Normally, acquisitions go fairly smoothly. Sometimes things get complicated.
ONEOK's (NYSE: OKE) proposed acquisition of Magellan Midstream Partners(NYSE: MMP) is increasingly uncertain. Here's what investors need to understand, with Magellan's management team providing very clear examples of how bad it could get if the deal falls through.
Acquisitions follow a rhyming path
When a company offers to buy another company, it generally provides a premium to the current market price. That's intended to entice the shareholders of the target to agree to the deal. Wall Street reacts to this development as you would expect, bidding up the price of the target toward the offer price.
However, the price usually doesn't reach the target price, unless a competing offer is expected. The discount between the market price and offer price exists because there is always a chance that the deal will fall through. In fact, merger arbitrage attempts to take advantage of this discount by trying to figure out the deals that will get consummated while avoiding those that don't. This is a very unique style of investing, however, that's best left to specialists.
So, for most investors, the situation in which you'll most likely find yourself is owning a stock that has appreciated because of an acquisition offer. Thus, there will be a quick stock price advance, but there could be just a little more upside if you hold out for the deal to be completed. As a shareholder you have to decide if sticking around makes more sense than selling, recognizing that the share price will drop to pre-acquisition announcement levels if the deal falls apart.
This is the big issue facing shareholders of Magellan Midstream Partners today.
Some unitholders are going to say no
To sum it up, midstream energy company Oneok offered to buy Magellan for $67.50 per unit. The units currently trade at around $66.50 or so. But there are prominent unitholders that have openly come out against the deal, which increases the chance of a negative outcome.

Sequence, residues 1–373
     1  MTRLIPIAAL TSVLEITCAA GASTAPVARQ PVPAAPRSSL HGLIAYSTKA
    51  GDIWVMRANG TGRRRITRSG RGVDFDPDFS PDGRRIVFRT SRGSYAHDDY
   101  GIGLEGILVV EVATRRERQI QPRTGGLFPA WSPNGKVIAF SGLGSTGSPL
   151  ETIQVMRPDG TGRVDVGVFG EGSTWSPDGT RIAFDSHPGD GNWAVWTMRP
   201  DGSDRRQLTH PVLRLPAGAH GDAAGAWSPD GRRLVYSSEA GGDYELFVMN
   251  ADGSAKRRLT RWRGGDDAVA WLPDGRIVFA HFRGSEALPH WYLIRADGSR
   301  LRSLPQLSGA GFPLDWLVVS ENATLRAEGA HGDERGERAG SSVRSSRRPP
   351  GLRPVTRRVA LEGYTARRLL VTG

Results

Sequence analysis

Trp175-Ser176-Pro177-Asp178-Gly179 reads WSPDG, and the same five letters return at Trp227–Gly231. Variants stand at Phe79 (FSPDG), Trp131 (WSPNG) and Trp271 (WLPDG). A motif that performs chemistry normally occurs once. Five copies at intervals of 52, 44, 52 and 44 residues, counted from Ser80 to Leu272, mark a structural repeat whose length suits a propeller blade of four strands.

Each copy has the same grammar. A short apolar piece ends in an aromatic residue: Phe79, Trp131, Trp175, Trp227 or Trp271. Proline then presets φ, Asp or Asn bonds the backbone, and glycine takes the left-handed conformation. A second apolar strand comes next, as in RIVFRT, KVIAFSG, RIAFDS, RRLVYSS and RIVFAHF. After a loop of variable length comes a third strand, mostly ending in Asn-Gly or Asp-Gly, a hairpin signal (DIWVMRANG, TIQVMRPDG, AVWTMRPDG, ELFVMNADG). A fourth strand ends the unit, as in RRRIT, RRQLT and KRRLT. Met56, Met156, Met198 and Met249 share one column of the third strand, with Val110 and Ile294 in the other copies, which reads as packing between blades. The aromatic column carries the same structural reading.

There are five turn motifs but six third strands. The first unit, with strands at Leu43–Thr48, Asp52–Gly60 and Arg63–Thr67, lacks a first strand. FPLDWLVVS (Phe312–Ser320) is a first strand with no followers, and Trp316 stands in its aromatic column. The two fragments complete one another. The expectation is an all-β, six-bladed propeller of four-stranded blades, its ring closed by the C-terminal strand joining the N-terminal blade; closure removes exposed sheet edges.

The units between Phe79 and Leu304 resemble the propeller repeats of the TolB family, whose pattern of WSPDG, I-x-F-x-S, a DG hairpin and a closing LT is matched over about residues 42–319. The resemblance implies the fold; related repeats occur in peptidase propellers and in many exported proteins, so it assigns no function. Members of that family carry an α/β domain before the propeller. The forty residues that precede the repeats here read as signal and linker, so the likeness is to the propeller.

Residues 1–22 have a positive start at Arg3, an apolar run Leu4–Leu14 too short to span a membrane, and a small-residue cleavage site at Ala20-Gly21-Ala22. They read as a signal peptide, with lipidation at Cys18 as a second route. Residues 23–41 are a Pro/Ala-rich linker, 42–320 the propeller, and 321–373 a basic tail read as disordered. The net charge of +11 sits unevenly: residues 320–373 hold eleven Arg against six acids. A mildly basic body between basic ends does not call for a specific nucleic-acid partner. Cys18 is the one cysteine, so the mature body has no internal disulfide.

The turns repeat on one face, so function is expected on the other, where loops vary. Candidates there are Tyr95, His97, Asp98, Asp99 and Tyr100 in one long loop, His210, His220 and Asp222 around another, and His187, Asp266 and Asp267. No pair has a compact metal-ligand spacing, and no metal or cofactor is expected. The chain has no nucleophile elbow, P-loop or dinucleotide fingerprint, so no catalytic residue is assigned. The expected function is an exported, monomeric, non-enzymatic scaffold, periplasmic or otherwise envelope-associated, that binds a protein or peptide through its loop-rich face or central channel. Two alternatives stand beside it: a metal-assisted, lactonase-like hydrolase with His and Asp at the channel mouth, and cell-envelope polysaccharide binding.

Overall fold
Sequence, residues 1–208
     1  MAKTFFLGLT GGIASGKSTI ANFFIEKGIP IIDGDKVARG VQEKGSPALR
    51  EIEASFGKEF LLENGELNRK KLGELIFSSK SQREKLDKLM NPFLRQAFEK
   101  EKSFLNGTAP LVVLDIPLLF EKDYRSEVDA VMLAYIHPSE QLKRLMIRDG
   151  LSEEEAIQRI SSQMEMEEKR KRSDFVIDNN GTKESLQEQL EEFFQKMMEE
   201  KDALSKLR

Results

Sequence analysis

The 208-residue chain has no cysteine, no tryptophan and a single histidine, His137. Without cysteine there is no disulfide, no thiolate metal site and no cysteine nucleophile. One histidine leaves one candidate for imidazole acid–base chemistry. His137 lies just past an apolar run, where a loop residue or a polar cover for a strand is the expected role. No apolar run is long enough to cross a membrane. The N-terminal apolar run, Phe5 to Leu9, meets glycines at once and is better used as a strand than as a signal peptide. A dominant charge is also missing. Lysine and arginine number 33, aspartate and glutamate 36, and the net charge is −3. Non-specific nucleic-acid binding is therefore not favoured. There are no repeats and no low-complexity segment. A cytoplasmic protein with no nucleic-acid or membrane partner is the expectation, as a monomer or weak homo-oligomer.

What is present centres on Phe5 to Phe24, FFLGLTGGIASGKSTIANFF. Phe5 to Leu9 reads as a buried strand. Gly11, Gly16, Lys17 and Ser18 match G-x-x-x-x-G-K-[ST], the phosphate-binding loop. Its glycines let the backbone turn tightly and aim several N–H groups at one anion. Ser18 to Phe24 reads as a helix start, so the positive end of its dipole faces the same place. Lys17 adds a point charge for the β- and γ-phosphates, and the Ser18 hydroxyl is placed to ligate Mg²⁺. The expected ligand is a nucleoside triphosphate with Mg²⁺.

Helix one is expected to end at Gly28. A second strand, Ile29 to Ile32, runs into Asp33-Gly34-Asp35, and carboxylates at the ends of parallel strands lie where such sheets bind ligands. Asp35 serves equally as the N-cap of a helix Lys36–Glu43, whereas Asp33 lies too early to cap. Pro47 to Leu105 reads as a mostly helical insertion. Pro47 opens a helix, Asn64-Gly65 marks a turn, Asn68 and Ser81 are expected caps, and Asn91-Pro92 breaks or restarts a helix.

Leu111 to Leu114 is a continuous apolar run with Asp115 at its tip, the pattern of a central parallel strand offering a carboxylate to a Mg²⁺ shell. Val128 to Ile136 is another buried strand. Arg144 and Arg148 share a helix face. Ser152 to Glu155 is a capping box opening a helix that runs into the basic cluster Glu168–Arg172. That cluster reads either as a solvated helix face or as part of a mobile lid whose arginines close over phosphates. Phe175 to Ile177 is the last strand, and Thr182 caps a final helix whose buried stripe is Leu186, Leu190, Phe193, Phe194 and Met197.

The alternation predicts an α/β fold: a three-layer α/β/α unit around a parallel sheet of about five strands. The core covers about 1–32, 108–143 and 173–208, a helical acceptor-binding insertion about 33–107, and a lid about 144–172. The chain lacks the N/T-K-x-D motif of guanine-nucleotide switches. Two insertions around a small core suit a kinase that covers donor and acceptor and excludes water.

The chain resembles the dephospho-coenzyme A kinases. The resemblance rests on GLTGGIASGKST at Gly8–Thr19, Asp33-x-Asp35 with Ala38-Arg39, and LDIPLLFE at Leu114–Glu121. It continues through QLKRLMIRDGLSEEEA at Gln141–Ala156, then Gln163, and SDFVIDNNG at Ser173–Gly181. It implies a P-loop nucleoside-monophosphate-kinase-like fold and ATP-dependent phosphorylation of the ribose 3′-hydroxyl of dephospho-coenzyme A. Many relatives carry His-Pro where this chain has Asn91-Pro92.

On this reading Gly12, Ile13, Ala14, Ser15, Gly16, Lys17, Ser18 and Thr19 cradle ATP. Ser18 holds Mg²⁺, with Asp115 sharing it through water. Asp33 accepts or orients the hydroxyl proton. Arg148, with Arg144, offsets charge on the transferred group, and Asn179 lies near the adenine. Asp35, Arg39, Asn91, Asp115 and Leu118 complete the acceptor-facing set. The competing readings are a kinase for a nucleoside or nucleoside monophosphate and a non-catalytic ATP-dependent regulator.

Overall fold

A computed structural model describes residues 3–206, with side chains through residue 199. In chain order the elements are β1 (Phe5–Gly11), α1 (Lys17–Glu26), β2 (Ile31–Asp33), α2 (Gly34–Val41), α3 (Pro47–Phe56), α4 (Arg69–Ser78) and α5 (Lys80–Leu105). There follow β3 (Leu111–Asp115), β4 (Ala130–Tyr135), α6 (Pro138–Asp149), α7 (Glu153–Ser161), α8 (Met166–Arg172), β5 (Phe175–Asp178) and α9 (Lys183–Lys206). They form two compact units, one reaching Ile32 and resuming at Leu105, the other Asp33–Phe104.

Part of the problem is that Magellan is a master limited partnership (MLP). It's complicated, but the acquisition will trigger a tax event for Magellan unitholders that could be fairly substantial (it will be different for each unitholder, so it is impossible to accurately quantify the full impact.) Magellan is telling unitholders that the benefits of the deal outweigh the hit they'll face and that the outlook for the future is much improved by joining forces with Oneok. The dissident unitholder believes the opposite. Individual unitholders have to decide if the roughly 1.5% upside from current prices is worth the risk of sticking around. Magellan, meanwhile, recently quantified the downside if the deal falls apart.
According to Magellan, if the deal is scuttled, the value of the units would be around $55.40 or so assuming historical valuation multiples. From recent prices that would mean a price decline of nearly 17%. But the story doesn't end there. Management also provided a price of $48.66 if Magellan's units decline toward the average peer multiple. That would equate to a roughly 27% decline, which is a lot uglier.
So the question that investors have to ask themselves is whether or not a 1.5% gain that is uncertain is worth the risk of losing between 17% and 27%. Note that selling or waiting both lead to a tax hit, so that issue isn't really relevant in this specific situation. The only way to avoid the tax implication is for you to sit tight and for the deal to fall through, but that still leaves you with the likely drawdown in the unit price.
The best of a bad set of options
Most acquisitions and mergers are not nearly as tense and uncertain as the one that's happening between Oneok and Magellan. But every so often you get something that requires you to make a tough choice. Given the small potential upside from here, it seems like conservative investors will probably be best off taking their money and running. Just know that taxes will be a bit more complicated because of that decision. And remember that you can always buy Oneok outright after the dust settles if you want to.
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